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Topic Title: user friendly linux
Topic Summary: which one
Created On: 09/10/2007 05:28 PM
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 03/14/2008 06:48 AM
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ccpre
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can i play wow on PCLinuxOS ? does it support 3d graphic card perfectly?
 03/15/2008 12:25 PM
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vsingh
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Yes, as long as you have to correct drivers, and PCLinuxOS should install those for you pretty easily.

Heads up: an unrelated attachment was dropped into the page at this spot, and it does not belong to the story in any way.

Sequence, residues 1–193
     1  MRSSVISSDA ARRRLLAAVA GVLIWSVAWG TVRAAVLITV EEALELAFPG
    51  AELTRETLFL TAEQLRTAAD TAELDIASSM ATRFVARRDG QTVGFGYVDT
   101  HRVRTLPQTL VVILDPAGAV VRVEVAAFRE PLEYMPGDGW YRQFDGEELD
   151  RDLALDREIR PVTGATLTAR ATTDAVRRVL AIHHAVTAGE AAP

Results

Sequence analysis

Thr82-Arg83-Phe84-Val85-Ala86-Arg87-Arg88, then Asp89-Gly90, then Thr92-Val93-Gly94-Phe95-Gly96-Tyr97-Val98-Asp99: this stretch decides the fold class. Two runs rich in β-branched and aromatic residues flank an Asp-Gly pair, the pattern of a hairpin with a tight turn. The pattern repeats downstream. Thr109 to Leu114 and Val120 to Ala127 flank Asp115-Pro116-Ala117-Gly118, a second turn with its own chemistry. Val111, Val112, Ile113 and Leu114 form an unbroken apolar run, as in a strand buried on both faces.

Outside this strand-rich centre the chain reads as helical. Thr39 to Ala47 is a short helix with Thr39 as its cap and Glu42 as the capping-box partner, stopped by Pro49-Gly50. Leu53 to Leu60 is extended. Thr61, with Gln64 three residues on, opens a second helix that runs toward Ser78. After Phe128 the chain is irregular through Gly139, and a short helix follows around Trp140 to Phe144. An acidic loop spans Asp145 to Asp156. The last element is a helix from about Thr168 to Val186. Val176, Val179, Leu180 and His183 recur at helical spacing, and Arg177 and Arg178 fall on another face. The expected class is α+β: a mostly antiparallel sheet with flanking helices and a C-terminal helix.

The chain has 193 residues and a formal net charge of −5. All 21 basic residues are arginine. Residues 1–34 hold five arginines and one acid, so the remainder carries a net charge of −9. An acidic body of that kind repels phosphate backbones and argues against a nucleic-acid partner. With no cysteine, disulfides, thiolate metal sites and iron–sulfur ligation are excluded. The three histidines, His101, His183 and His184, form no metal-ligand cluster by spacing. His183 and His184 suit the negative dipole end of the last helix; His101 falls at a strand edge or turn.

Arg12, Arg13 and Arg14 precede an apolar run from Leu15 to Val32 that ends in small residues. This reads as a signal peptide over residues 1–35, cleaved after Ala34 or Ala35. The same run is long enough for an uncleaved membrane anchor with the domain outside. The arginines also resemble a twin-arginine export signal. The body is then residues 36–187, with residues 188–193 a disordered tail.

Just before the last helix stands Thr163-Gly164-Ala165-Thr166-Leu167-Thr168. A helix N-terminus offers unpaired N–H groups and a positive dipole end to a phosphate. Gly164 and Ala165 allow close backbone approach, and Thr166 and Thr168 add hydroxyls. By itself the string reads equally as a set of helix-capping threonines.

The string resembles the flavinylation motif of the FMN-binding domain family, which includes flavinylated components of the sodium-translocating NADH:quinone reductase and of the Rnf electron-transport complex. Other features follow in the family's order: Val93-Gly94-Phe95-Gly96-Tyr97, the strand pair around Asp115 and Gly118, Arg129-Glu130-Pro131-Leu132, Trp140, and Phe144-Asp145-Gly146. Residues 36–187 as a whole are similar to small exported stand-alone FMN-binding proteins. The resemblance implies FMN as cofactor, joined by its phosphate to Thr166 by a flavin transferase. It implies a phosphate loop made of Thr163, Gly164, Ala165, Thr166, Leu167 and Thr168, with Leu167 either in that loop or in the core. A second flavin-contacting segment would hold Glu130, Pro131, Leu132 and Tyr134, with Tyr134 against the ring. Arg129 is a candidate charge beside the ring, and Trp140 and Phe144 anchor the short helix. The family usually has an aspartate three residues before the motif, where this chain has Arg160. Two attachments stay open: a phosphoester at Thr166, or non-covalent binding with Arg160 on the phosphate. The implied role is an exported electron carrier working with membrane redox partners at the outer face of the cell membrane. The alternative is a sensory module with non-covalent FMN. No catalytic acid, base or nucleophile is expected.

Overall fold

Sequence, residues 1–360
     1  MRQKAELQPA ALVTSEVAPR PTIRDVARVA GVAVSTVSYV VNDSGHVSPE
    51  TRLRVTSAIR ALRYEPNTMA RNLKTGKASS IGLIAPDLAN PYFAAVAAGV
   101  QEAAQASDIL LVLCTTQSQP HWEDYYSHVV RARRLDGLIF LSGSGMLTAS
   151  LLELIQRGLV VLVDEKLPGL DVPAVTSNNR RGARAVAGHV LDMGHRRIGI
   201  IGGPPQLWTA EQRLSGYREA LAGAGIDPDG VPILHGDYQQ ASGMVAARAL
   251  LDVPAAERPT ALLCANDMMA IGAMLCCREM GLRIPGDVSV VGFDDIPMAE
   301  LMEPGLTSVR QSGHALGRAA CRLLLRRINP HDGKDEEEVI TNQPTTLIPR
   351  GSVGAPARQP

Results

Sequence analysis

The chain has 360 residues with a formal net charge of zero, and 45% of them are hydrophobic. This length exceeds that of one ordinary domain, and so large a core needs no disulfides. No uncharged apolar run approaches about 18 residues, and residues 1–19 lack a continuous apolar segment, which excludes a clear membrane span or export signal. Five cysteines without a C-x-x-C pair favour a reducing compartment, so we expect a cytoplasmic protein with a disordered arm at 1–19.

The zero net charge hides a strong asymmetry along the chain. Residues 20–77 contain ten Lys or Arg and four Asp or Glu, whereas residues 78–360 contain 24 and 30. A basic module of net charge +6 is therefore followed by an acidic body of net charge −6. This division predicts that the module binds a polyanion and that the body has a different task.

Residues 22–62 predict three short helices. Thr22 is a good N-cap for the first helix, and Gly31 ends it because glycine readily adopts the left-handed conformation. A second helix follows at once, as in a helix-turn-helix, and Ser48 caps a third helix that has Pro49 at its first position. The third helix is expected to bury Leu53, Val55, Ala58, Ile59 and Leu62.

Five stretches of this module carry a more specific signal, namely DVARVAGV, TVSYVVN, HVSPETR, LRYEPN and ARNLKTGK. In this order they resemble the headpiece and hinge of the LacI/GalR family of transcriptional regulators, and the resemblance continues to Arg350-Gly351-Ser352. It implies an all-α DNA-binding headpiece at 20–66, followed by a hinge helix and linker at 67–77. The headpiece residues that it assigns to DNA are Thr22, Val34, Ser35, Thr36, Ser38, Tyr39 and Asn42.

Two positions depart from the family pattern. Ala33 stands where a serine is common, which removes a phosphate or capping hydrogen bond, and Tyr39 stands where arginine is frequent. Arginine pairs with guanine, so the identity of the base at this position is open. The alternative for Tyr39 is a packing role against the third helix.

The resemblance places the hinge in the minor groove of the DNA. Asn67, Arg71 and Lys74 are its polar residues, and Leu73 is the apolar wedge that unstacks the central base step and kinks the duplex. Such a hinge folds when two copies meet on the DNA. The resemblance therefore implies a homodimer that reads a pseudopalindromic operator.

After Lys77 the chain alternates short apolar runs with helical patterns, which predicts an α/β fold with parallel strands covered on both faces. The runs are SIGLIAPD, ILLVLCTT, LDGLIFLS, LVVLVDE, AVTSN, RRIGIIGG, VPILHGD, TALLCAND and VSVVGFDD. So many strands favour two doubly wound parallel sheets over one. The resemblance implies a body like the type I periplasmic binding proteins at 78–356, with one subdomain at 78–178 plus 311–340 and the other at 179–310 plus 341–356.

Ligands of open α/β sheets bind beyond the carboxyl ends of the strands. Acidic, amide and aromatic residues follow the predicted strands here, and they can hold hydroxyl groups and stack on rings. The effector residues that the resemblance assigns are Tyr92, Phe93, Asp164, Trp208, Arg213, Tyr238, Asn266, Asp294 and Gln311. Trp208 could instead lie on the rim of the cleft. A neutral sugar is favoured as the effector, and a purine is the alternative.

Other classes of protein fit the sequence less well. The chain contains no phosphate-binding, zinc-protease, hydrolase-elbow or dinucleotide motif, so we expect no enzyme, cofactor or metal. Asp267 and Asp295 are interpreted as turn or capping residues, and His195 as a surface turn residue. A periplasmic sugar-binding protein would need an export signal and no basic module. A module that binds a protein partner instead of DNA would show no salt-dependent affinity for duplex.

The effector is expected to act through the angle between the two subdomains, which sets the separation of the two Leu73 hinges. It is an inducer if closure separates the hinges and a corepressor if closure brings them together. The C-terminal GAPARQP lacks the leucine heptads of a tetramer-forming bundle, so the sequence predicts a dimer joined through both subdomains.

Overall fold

Here's a guide for ubuntu, but it should work for many other distros as well:

http://ubuntuforums.org/showthread.php?t=120615
 04/15/2008 06:54 PM
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alan2273
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I agree with mbjbdc, Linux Mint is even more user friendly than Ubuntu.
 04/17/2008 12:07 AM
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tripleace46
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well if your going to be using linux for gaming then make sure you stay far away from the ati boat, also if you play windows games then go with the fedora distro as most games wont play on ubuntu very well
 04/17/2008 12:16 AM
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tripleace46
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i dont know why but the wine forums listed the fedora distro as having the highest success rate of playing windows games